"Oh man." Don let his head fall back against the pillow. He already felt bad about chewing them out for a murder victim who wasn't their fault and now it turned out they had both been right to worry about his safety -- if for completely different reasons. After a moment, he said, "So I guess that means both of you get a free 'I told you so' card."
Colby shook his head. "I jumped to conclusions on the three other agents, Don. Nothing to be proud of."
"And this group Gillis went to was not the same Russian mafia he'd been working for all along," David added. "Just like Amita said."
"Okay, so you put two and two together and came up with four and a half." He noticed the small smiles on their faces and went on, "Thing is, I'm more than willing to trust my own instincts on a case like this." He looked at both of them in turn, all levity gone. "I should be willing to trust yours as well. And I'm sorry I didn't."
There. Bradford would be really proud of him for making that statement. Even if it was a year late.
"Hey, no biggie." Colby sat down at the foot of the bed. "I mean, a year ago at this time you thought I was a spy."
"A year ago you were a spy," David tossed at him, but in a teasing tone.
"Potato, po-tah-to," Colby replied, a faint grin playing around the corners of his mouth. Don couldn't help but smile. It was good to see these two back to where they had been before Taylor Ashby and his Janus List came along.
David cocked his head to the side. "You know, when I first joined your team, Don, you thought I was a spy for Merrick. Remember that?"
"No kidding?" Colby said. "Guess some people just have a suspicious nature."
"Guess some people learn it on the job," Don retorted, thinking back over his encounters with Shaun Gillis and the colleagues who'd either deliberately or inadvertently made it impossible to catch him. Then he admitted reluctantly, "Some people aren't too good at relying on anyone but themselves."
"Eh, even an old dog can learn new tricks," Colby said, eyes twinkling.
"Hey, who are you calling old, Granger?" Don said, pretending to be insulted.
The younger man grinned. "Sure, he doesn't mind the 'dog' part…"
They were still chuckling when the door opened again. "Everything okay in here?" Alan asked.
"Yeah, Dad, c'mon back." He waved his family inside. "These guys have had enough of a break anyway."
"Jeez, Don, cracking the whip already?" Charlie plopped down on the cot and leaned back against the wall. "They don't get a day off for saving your life?"
"We don't really get days off," Colby said as he rose to his feet. "Unless we're lying around in bed, that is," he added as he gestured at Don.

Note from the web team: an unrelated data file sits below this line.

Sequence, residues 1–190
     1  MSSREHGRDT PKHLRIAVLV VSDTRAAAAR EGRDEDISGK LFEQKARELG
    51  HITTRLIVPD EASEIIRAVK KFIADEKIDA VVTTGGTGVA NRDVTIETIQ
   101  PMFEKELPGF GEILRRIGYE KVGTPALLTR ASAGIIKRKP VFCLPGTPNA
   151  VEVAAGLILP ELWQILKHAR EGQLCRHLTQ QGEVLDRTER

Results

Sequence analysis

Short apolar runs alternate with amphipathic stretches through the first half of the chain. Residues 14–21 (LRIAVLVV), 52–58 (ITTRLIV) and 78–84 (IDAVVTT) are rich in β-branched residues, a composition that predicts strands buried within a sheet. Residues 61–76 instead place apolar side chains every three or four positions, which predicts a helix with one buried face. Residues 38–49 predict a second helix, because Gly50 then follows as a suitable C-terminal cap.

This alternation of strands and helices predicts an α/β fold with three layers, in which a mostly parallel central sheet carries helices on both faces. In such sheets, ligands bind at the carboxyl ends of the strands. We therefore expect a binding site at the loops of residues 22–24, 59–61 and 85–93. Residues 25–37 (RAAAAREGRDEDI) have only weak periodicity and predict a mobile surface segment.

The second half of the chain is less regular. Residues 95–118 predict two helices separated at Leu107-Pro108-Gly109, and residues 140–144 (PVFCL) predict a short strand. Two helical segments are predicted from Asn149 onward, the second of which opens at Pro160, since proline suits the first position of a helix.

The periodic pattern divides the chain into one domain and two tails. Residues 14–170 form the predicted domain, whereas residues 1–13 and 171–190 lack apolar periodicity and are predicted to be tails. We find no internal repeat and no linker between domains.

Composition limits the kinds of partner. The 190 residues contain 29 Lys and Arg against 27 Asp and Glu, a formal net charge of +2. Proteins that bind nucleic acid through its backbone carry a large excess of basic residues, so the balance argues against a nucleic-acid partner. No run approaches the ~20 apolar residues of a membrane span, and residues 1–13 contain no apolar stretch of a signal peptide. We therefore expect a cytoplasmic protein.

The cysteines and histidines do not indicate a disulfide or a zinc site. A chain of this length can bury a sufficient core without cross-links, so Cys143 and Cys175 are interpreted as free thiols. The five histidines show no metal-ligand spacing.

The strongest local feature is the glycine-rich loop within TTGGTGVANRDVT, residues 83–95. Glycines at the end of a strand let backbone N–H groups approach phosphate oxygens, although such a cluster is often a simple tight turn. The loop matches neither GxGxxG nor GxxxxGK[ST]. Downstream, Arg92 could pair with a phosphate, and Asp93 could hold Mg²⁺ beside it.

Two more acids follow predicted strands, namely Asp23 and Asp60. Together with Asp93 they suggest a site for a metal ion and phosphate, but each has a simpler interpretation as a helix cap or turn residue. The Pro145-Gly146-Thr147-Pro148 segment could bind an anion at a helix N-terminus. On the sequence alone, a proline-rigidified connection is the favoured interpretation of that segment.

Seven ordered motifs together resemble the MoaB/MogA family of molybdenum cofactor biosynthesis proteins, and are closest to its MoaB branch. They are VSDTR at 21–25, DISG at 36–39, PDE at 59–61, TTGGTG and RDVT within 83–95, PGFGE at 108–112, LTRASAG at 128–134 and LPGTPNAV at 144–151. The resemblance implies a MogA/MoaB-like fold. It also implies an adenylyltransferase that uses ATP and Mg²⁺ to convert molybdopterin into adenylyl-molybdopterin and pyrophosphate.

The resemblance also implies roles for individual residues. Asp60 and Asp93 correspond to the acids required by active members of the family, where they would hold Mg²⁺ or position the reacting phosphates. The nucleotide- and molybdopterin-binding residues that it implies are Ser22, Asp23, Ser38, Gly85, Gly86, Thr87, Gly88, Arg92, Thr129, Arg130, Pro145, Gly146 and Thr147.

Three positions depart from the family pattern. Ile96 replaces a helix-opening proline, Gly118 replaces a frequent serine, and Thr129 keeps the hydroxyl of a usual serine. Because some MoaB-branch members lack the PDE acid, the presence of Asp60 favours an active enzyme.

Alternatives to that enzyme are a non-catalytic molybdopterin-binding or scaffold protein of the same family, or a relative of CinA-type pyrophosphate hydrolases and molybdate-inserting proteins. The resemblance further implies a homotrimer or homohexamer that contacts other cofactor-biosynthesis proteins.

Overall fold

"Believe me, I'd rather not be," Don replied. "There's plenty of work waiting for me already."
"That's for sure," David replied. He lightly clapped Don's shoulder and stood up. "And on that note, we'd better get back to it."
As the two agents said their farewells and Alan ushered them out, Don stared across the room for a moment, chewing over what had happened over the last few days. It had been a close thing, that was for sure. He thought of Shaun Gillis, now behind bars and almost certainly destined to be there the rest of his life. Then he thought of Yuri Koverchenko's colleagues, and how even if they weren't out for his blood, he was probably going to have to deal with them at some point.
Then something else occurred to him and a faint smile rose to his face. "Hey, Charlie, what would you do if you ever solved P vs. NP?"
Alan raised his eyebrows as he looked back and forth between the two brothers. Charlie grinned, clearly understanding the question. "You mean after I spent the million dollars?"
"Yeah, after that, wise guy."
He shrugged. "There's six other Millennium Problems. Well, five, now that Perelman's solved the Poincare conjecture, but that still should keep me busy for a while."
"So it just keeps going, huh?" That was an exhausting thought. Accurate, but exhausting.
"That's why you have to love your job," Charlie answered.
"I guess so," he sighed. And he did -- most days. The last few weeks had reminded him of the good and the bad parts of his job, and it would continue to be rough without Megan and Charlie until they all got their feet under them again.
But overall, he was right where he wanted to be.
"One thing's for sure," Alan said, looking at him meaningfully. "At least you have good relief pitching."
Charlie looked confused, but Don ignored him for the moment and gave his father a nod. "Yeah, that's for sure." Then he looked back and forth between the two of them, and a slow smile broke over his face. "At home and away."